When the sun came out after a long, damp, cool spell of weather, I started to remove the dying summer plants, to enable me to replant for winter. Usually as it gets into September the last harvest from the tomatoes means it time to start clearing out the greenhouse. It won’t be easy this year since I have been continually sowing seeds and potting up something or other. Besides the tomatoes have no sign of giving up the ghost yet.
I have a project in mind which I hope will help me get plants into the greenhouse sooner by the time they are ready to move out from the comfort of the windowsill to better light. I found a large gravel tray which had been in a skip at the farm we have a workshop at. Too good to throw out and it just fits my staging with enough room for my two propagators at the end. I have plant trays which will fit very neatly into the gravel tray. It’s quite deep so I thought I could get some clear plastic to put over it so checked out the double wall polycarbonate sheets I keep as spares for replacing greenhouse glass.
When I decided to get the greenhouse, I wanted full length glazing in toughened glass. A couple of stormy winters and I lost some panes, I could have bought a new greenhouse for the price I paid for the replacements. The following year another glass pane was broken and I felt this could quite well be an annual occurrence so I wondered about double wall polycarbonate and ordered a couple of sheets of this to try it. Millimetres short in width but had to cut it to length and it would be fine – until the next high winds. Even double walled, it’s fairly flexible and I feared the panel coming out again so bought the sticky strip for the purpose of sticking it back in. It’s been up for about eight years now and decided to replace any broken glass with that in the future,
I was left with a reasonably sized piece of polycarbonate from a length and I was sure I could find a use for it some day. That day is here, I cut the leftover panel and it fits the large gravel tray. I decided it would do well as a propagator, especially if I put sides on it and with the rabbit’s electric blanket underneath and a heat lamp overhead – perfect! There should be enough bits to do what is needed. I still have to decide on how it will be ventilated. Between the gravel tray and the rabbit’s blanket there is a piece of foam carpet underlay which will save the tray getting too hot and little roots getting cooked.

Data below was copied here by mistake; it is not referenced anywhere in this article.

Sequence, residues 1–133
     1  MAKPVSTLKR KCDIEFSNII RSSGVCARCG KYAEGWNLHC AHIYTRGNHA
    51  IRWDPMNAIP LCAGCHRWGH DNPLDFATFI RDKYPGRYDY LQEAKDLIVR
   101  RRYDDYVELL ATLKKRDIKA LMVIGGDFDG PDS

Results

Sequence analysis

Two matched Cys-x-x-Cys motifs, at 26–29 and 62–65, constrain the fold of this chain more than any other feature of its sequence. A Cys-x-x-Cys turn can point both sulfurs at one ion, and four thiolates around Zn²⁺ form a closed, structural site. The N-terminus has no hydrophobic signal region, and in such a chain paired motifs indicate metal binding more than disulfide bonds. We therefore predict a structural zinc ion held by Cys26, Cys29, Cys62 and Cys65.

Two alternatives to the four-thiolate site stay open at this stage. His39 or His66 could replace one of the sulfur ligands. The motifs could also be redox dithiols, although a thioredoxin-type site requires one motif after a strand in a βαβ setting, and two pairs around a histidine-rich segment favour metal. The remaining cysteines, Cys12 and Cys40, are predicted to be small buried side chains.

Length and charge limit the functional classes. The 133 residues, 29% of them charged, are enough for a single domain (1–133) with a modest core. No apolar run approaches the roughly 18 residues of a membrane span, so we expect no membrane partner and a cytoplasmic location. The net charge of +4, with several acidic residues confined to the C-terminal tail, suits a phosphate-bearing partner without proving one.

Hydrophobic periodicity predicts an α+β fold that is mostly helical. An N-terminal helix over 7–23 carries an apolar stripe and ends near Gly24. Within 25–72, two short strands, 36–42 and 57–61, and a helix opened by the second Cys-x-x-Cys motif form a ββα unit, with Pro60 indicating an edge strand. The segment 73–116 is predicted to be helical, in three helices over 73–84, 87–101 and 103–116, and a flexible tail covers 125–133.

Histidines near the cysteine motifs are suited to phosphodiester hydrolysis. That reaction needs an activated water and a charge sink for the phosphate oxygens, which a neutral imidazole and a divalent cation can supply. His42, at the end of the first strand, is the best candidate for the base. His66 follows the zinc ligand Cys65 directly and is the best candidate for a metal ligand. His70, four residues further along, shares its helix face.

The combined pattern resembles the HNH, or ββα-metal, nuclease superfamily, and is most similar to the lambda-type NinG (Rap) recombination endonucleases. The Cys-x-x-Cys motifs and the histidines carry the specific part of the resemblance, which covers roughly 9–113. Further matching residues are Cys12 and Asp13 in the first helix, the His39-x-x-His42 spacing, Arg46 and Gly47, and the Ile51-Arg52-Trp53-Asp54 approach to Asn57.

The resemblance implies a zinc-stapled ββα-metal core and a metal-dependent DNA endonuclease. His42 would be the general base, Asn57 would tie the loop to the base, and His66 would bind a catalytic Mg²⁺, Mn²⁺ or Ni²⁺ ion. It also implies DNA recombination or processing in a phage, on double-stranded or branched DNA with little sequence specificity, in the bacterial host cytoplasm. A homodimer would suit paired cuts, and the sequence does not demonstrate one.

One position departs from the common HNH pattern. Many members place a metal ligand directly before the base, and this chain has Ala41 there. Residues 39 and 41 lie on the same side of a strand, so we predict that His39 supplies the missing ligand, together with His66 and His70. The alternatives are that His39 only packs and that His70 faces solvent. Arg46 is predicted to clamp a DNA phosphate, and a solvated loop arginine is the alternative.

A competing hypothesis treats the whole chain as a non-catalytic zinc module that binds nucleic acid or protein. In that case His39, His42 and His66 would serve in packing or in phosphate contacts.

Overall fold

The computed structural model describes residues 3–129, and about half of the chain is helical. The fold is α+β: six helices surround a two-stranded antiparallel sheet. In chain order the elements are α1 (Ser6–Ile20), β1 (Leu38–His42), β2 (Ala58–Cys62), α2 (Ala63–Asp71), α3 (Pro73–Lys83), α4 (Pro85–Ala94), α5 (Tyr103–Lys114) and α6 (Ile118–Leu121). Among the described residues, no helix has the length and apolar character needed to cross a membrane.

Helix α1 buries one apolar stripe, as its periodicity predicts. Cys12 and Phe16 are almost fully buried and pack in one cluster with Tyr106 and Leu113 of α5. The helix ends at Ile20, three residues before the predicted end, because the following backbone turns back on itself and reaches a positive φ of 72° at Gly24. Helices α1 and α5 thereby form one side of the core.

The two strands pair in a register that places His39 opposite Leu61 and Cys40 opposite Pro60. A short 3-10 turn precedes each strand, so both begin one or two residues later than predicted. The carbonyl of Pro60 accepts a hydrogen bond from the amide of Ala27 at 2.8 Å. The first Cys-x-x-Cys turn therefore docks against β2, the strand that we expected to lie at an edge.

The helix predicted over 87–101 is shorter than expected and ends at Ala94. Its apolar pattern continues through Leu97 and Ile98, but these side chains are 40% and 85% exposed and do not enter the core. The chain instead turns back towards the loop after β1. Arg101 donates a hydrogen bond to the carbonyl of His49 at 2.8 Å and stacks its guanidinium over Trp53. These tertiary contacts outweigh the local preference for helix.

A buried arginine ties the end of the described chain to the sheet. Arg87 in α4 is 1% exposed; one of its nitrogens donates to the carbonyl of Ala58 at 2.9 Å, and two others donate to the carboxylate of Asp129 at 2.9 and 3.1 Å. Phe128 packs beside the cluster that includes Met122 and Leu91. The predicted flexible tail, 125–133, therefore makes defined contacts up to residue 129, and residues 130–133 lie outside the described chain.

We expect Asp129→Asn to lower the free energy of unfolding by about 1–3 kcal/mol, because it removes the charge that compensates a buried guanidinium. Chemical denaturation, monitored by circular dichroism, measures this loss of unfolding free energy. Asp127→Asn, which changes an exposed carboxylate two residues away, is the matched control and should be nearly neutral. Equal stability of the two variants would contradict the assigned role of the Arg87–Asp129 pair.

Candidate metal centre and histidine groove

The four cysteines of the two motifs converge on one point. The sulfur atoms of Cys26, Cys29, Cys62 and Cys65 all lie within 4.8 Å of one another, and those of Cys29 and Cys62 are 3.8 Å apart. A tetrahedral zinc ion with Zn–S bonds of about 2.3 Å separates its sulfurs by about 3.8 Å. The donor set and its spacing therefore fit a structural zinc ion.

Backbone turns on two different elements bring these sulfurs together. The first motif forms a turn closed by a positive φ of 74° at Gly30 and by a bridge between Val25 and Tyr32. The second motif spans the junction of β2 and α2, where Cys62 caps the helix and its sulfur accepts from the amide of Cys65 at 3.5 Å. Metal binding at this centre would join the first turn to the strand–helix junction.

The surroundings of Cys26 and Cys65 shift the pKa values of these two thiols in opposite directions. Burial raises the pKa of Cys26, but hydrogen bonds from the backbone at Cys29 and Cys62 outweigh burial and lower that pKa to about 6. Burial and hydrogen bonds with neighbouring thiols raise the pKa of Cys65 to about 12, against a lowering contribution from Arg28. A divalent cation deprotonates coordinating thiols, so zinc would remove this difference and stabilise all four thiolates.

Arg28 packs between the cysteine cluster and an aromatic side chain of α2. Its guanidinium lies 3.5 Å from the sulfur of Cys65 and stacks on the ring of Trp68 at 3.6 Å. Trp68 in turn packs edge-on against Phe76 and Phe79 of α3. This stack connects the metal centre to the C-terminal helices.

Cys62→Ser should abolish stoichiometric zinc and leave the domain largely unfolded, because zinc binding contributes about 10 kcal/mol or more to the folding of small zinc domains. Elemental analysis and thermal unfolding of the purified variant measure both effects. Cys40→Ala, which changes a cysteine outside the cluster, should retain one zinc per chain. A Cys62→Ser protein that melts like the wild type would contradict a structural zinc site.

I taped it together for a fitting to the gravel tray, everything carefully sellotaped to hold it in place and I discovered my first pitfall. I have square guttering on brackets and the brackets are interfering with the lid so it looks as if I might have to lose about an inch in height to accommodate the bracket. That is only two sides attached for the fitting at the moment. My options appear to be take about an inch off the height of the whole thing, or just take it off one side so that it slopes down towards the bracket, or pull the whole thing forward until it clears, but there may not be enough room for that, or move the bracket up about an inch. The latter would appear to be the most sensible, however, it does also take the guttering closer to the roof and you will see the reason for my reluctance in case it makes a tighter squeeze for the plants in the guttering.
Along with the gravel tray from the skip at the farm, I rescued about 10 large black plant pots and a piece of drainage channel. Complete with grating. The channel will be used for shallow rooted plants and although quite stable I can still use the grating as as plinth for it to sit on.
Not everyone has the opportunity to find just what they need in skips, but if you do, there is something very satisfying in being given the opportunity to use your imagination.
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